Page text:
DCLG ‘unacceptably complacent’ on homelessness

20 Dec 17

The government has been “unacceptably complacent” in its response to a growing homelessness crisis in England, according to the Public Accounts Committee.

A PAC report, released today, criticised the “light touch” approach the Department for Communities and Local Government had shown, while councils spent around £1.1bn on preventing homelessness  and temporary accommodation in 2015/16.

Spending by councils on prevention peaked at £365m in 2013/14 and fell to £303m in 2015–16.

During the same time periods, spending on temporary accommodation rose from £622m to £845m.

The report said: “Local authorities are finding it harder to provide advice and assistance that will effectively prevent people from becoming homeless, and are having to divert more of their funding into tackling homelessness after it occurs.”

It said the extent of homelessness across England was a “national crisis”.

It concluded: “It is appalling that at any one time there are as many as 9,100 people sleeping rough on our streets.

“More than 78,000 households, including over 120,000 children, are homeless and housed in temporary accommodation, which can often be of a very poor standard.”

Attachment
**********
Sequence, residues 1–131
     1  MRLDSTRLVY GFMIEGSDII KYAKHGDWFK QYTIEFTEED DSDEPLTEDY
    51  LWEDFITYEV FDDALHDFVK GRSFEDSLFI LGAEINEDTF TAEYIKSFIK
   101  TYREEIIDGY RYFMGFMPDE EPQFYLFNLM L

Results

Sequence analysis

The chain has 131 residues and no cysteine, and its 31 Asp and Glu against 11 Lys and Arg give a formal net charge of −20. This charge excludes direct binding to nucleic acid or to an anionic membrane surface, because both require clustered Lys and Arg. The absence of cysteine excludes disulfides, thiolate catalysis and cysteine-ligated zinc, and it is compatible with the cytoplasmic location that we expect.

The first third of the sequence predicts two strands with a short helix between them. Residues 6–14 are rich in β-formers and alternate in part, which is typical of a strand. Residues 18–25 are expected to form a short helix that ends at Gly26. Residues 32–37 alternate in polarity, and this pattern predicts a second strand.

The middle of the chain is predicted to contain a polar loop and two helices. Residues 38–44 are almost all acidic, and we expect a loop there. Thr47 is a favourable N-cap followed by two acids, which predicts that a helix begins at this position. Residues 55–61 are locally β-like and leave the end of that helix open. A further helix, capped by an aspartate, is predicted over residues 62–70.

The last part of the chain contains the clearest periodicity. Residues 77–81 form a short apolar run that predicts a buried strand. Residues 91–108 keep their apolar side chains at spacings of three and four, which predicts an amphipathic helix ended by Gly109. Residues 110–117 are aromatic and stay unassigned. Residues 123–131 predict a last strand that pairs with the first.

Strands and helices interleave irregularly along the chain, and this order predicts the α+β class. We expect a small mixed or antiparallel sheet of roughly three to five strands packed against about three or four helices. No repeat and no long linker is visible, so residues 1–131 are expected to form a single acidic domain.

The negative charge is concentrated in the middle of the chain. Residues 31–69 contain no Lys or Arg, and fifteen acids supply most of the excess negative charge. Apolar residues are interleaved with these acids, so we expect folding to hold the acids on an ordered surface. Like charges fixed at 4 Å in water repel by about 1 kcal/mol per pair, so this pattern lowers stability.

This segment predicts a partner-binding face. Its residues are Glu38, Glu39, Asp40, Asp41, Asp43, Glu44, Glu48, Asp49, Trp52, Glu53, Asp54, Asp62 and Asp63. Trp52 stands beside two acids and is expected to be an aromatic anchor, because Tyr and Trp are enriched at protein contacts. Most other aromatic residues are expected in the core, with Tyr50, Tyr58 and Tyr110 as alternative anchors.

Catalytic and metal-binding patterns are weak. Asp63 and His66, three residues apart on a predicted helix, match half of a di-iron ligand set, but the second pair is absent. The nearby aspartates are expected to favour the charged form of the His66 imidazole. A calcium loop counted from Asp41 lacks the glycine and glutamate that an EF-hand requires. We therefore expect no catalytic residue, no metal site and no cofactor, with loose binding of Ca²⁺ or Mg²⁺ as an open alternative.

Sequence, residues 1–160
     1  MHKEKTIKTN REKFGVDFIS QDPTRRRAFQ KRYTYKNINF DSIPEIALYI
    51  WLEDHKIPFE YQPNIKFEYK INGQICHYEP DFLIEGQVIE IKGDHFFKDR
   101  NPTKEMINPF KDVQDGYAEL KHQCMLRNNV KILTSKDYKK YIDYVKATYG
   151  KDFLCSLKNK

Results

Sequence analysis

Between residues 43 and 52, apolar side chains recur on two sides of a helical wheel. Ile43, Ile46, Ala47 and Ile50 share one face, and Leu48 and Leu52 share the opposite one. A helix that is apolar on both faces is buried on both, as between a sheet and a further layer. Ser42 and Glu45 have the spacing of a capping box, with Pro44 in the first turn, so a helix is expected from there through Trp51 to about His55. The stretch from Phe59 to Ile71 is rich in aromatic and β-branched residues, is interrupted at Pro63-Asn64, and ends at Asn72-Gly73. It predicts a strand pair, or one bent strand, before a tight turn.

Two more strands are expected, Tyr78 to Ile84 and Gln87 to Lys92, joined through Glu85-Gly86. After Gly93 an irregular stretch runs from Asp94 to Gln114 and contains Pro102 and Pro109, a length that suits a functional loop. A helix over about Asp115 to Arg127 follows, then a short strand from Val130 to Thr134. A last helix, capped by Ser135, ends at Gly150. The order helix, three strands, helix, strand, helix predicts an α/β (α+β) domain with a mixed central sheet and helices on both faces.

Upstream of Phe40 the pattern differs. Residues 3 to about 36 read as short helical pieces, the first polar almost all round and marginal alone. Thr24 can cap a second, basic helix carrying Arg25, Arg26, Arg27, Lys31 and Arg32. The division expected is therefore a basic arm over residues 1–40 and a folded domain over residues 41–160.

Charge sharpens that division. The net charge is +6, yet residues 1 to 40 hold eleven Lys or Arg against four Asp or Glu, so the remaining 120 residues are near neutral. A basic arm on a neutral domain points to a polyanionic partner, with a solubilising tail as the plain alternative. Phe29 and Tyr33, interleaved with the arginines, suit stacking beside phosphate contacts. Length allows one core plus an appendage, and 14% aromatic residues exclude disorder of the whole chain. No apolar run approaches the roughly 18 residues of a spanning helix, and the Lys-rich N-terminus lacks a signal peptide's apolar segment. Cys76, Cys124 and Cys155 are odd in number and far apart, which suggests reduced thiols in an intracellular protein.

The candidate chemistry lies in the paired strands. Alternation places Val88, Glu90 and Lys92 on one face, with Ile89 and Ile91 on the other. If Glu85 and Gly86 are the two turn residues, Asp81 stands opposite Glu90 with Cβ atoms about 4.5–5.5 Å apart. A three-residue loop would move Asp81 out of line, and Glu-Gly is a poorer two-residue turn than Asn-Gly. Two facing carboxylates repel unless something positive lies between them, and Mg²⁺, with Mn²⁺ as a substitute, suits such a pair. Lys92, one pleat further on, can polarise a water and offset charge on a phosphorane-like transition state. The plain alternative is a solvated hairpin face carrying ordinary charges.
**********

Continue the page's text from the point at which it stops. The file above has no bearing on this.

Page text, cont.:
The PAC found the limited action taken by DCLG in working with local authorities to tackle homelessness had “clearly failed”.

It called on the department to publish a cross-government strategy for reducing homelessness that sets out clear targets by the end of June 2018.

PAC chair Meg Hillier said: “As we approach Christmas there are thousands of children in temporary accommodation – a salutary reminder of the human cost of policy failure.

“The government must do more to understand and measure the real-world costs and causes of homelessness and put in place the joined-up strategy that is so desperately needed.”

She believed the government must better address the shortage of realistic housing options for those at risk of homelessness or already in temporary accommodation.

Hillier added: "More fundamentally, it means getting a grip on the market’s failure to provide genuinely affordable homes, both to rent and to buy.

“There are practical steps it can take now – for example, targeting financial support on local authorities with acute shortages of suitable housing, rather than those councils which are simply ready to spend – that would make a real difference to people’s lives.”

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